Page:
After the night of the long knives, it was the day of the tender handshakes as David Cameron changed the guard and put in place the team he hopes will convince voters to put him back in Downing Street next May.

William Hague's surprise resignation as Foreign Secretary meant that the ministerial shake-up is far more extensive than anyone had envisaged.

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It seems clear that after four years of jetting here and there and having your day and night run by the Government machine, the former party leader has simply had enough and wants his life back.

Another intriguing surprise was the shift for Michael Gove, who, it seems, has during his radical time at the Education Department just made too many enemies among the teaching profession. No 10 was adamant that the Scot's move to become Chief Whip is not a demotion but it certainly feels like it. He will also lose a few thousand pounds as his salary goes from that of a Secretary of State to that of a Minister of State. No doubt as well as the teachers' unions, Home Secretary Theresa May, gave a wry smile at his move.

Be warned, Downing Street made clear that we can expect to see a lot more of Mr Gove on our TV screens as, like Mr Hague, he will be at the forefront of the Tory campaign.

He will now have the comfort of another Scottish Tory in the Cabinet with the appointment of the hard-nosed Michael Fallon as Defence Secretary. Expect a few more visits to Faslane and Rosyth in the run-up to September 18.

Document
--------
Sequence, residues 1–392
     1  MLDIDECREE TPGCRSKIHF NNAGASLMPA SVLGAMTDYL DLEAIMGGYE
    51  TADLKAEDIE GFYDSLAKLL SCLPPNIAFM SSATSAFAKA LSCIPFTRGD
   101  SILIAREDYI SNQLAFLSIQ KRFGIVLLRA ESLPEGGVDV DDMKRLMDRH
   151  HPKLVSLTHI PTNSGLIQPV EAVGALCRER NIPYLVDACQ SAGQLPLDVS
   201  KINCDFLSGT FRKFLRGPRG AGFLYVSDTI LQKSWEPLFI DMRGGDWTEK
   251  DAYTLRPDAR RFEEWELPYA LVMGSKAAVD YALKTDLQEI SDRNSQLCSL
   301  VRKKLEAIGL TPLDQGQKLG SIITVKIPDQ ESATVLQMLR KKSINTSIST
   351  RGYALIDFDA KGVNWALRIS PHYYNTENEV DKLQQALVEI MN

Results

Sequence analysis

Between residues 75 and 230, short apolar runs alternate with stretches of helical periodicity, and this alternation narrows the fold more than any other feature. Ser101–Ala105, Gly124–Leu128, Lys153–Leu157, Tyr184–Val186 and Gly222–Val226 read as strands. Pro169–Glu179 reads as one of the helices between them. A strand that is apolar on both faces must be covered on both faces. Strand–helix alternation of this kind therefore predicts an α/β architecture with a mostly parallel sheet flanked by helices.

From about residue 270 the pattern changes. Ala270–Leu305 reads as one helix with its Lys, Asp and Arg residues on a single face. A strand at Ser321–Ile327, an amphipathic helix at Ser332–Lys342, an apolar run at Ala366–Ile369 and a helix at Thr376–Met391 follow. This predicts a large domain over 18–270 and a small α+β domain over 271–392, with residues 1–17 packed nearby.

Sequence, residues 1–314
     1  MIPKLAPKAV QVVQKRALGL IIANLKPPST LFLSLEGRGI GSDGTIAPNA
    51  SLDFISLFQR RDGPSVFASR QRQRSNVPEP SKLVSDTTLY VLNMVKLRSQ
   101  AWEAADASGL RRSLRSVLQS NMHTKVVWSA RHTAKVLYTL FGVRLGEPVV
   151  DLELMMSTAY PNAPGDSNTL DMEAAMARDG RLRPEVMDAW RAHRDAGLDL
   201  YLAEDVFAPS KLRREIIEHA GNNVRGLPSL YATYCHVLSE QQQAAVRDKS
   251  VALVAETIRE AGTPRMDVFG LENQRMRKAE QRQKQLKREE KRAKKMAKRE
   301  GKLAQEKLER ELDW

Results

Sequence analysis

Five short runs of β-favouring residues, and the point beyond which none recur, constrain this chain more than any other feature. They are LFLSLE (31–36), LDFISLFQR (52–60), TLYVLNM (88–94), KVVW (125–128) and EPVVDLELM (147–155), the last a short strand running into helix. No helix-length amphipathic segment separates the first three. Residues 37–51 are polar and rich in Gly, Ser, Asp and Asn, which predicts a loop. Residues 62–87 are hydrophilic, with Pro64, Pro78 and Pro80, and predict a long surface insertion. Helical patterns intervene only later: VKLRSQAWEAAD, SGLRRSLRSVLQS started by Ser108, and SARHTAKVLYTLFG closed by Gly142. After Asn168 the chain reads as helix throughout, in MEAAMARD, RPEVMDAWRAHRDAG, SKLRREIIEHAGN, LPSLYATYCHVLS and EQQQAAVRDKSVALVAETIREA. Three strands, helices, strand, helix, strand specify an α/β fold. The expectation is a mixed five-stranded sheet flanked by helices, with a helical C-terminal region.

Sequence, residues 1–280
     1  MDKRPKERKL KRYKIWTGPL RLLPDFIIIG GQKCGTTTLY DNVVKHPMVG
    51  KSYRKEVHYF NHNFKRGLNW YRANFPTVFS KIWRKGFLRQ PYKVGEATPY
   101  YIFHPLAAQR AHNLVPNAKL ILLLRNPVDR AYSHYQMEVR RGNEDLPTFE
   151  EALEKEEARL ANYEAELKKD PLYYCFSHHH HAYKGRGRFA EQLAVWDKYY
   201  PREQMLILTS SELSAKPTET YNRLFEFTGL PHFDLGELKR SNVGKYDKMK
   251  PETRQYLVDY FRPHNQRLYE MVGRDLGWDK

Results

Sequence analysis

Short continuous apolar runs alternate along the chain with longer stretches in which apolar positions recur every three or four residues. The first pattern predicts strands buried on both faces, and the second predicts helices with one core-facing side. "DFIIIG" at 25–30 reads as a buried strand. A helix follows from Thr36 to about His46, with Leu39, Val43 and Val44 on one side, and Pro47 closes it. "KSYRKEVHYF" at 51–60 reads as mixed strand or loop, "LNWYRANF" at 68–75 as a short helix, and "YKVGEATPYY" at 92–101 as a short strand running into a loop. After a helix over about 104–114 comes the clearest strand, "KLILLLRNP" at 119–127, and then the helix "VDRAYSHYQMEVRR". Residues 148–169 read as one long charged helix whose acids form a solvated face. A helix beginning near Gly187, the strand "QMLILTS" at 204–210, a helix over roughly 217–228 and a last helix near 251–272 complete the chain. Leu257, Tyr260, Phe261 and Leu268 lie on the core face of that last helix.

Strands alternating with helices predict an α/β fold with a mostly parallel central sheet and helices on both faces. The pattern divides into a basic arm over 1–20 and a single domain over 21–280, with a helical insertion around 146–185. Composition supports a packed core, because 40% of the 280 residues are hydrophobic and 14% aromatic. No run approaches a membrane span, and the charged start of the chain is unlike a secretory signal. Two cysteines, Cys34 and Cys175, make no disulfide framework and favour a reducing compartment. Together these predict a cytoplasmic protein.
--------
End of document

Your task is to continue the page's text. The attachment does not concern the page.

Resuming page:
The appointment of Philip Hammond as Foreign Secretary has led to suggestions that Mr Cameron is preparing for his run-in with Europe on reform ahead of his promised in-out referendum. Mr Hammond famously suggested that, if the referendum were tomorrow, he would vote to leave the EU.

It did not take long for Alex Salmond to seize on this appointment, using it to play to an SNP referendum theme. The First Minister noted: "Philip Hammond's promotion to Foreign Secretary has put one hand on the exit door leading the UK out of the European Union."

One intriguing aspect of the changes was the move to Education of rising star Nicky Morgan, who, we are told, will also have the Equalities brief; which is intriguing given she voted against gay marriage.

But the overarching theme of the reshuffle is - out with the "pale , male and stale" ministers and in with the generation of 2010 and the introduction of more women around the Cabinet table.

The PM is now in pre-election mode, knowing that in the skirmishes ahead his government has to look and sound like the Britain he and his colleagues seek to represent.

The election test, of course, will not be how televisual people are but the strength of their policies and how they are put across.

And yet, there is a big test for the Coalition before then; saving the Union. We have heard little or nothing from some of the new Government members on why Scots should vote No.  

They will be expected to have their say and in doing so must observe the first rule of government - don't mess up.